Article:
had expected God to follow through on, we can leave aside for the moment,
      but that SOMETHING had gone awry, and that Jesus felt aggrieved by it, is I
      think an inescapable inference.

      If not that, how shall one construe it? Mark has been kind enough to
      translate it for us, so there is no leeway available for arguing, from
      Aramaic first principles, what he thought it meant, and after all, Mark
      wrote the book. What is he telling us? What, for that matter, is God telling
      us, a little later in the story?

      I do not think that people have sat down quietly enough and long enough with
      these indigestible bits of Mark, the details that neither Matthew or Luke
      could find a place for in their idea of Jesus. Their idea of Jesus is a
      historical question of great interest; so is the idea of Jesus held by
      Gregory the Great. Right this moment, though, I am interested in Mark's idea
      of Jesus. What was it?

      RON: Isolated quotations from the Torah could only have been seen as sayings
      of Jesus if set in an appropriate context, which you don¹t do.

      BRUCE: I have agreed to use the full Markan stories, even if Matthew and
      Luke find many of those details manageable. I still commend, and would
      highlight in the scrapbook as useful pointers, those parts of the stories at
      which Matthew and Luke balked and shied and turned away. To me, that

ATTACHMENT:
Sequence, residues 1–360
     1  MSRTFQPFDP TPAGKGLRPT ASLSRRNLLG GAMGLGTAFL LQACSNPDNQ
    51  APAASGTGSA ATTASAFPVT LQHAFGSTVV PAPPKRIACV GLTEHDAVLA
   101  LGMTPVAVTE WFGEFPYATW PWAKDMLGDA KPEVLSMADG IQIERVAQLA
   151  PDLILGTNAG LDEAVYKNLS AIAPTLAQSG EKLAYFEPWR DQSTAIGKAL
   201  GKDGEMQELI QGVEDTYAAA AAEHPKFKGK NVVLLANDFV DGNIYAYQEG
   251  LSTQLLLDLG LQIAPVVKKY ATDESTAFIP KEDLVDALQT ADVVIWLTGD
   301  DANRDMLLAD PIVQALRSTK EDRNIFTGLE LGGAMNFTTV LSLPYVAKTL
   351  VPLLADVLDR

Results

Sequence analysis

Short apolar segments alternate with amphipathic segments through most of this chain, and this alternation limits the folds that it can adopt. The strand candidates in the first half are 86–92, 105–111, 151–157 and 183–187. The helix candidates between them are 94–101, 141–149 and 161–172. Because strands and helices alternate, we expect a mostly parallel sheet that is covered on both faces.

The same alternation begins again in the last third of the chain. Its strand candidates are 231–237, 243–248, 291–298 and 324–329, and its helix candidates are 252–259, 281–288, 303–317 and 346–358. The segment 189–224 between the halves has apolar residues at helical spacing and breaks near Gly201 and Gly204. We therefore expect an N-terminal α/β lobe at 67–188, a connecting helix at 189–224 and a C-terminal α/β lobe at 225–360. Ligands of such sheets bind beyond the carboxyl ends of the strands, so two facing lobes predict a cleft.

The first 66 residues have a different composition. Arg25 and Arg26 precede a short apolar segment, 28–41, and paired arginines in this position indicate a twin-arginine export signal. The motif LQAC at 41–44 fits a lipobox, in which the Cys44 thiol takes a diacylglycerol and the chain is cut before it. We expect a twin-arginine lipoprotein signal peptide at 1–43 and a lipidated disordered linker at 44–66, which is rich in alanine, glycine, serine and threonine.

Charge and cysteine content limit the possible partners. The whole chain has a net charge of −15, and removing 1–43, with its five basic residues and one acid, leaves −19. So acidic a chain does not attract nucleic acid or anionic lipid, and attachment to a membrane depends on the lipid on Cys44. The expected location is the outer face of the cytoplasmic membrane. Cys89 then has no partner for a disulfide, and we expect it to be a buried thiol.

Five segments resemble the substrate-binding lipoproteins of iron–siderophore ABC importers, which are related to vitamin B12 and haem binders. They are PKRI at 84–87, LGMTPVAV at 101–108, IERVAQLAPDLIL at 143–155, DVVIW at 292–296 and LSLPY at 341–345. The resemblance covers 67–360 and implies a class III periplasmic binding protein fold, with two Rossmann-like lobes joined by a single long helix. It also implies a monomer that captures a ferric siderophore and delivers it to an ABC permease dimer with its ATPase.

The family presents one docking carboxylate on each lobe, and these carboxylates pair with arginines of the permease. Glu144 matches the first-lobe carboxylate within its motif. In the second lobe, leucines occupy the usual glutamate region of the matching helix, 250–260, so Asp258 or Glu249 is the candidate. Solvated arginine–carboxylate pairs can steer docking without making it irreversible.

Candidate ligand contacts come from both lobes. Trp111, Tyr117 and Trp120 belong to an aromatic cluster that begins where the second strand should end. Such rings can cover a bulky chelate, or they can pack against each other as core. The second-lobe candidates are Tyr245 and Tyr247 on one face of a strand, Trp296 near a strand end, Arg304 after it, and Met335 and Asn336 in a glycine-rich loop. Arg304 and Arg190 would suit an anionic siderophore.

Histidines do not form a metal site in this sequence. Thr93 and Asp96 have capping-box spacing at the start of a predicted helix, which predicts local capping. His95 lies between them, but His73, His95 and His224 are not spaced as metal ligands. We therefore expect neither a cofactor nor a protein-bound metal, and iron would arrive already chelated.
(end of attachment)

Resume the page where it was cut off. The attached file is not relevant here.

negative reaction is very revealing.

      Also, the point of some of these passages is not that they are quotations
      from Torah, but that they are amendments to Torah - additions and
      subtractions and rewordings. Is it a fair inference from these scraps that
      Jesus took a high hand with Torah, and reshaped and re-edited it for his and
      our purposes? By way of confirmation, we may note that it is precisely in
      that role, of a meddler with the Torah (and a harkener to the Later Prophets
      as well as certain key passages in the Psalms) that Mark continually
      portrays Jesus. Then Mark's sense of these passages is exactly the same as
      mine, and he spends much of his narrative space in demonstrating the
      consequences to Jesus, of advocating this amended Torah to large audiences.
      Briefly, Mark's take on it is that this got Jesus killed. He might be wrong,
      but it is quite possible that he was there (as a youth), and I think we
      ought to give him a hearing, before we go down the road to listen to people
      whose only access to Jesus was by reading Mark and leaving parts of it out.

      I commend that approach to those interested in that subject.


      E Bruce Brooks
      Warring States Project
      University of Massachusetts at Amherst
    • RSBrenchley@aol.com
      Message 48 of 48 , Jan 30, 2011
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        <<Ariel, D.T., A Survey of Coin Finds in Jerusalem,
        Liber Annuus 32, 1982, pp 273-326.

        Unless we have an old print copy in the pre-1985 stack here,
        the data for denarii in Jerusalem is out of reach
        just now, so, at least for the time being, I'll just shift to your
        view that there weren't that many around in the city.

        David M.>>

        I'm having trouble getting hold of it as well, so I'll have to go by
        memory, unfortunately. I did contact Ariel himself, but he's got nothing beyond
        a single paper copy. While it's not strictly on topic, I do have H Gitler's
        (Liber Annuus 1996), which covers bronze coinage from the city. No
        imperial bronze is recorded from before the 4th Century, after the abolition of
        the provincial mints, and their replacement with imperial ones.


        Robert Brenchley
        Birmingham UK

        [Non-text portions of this message have been removed]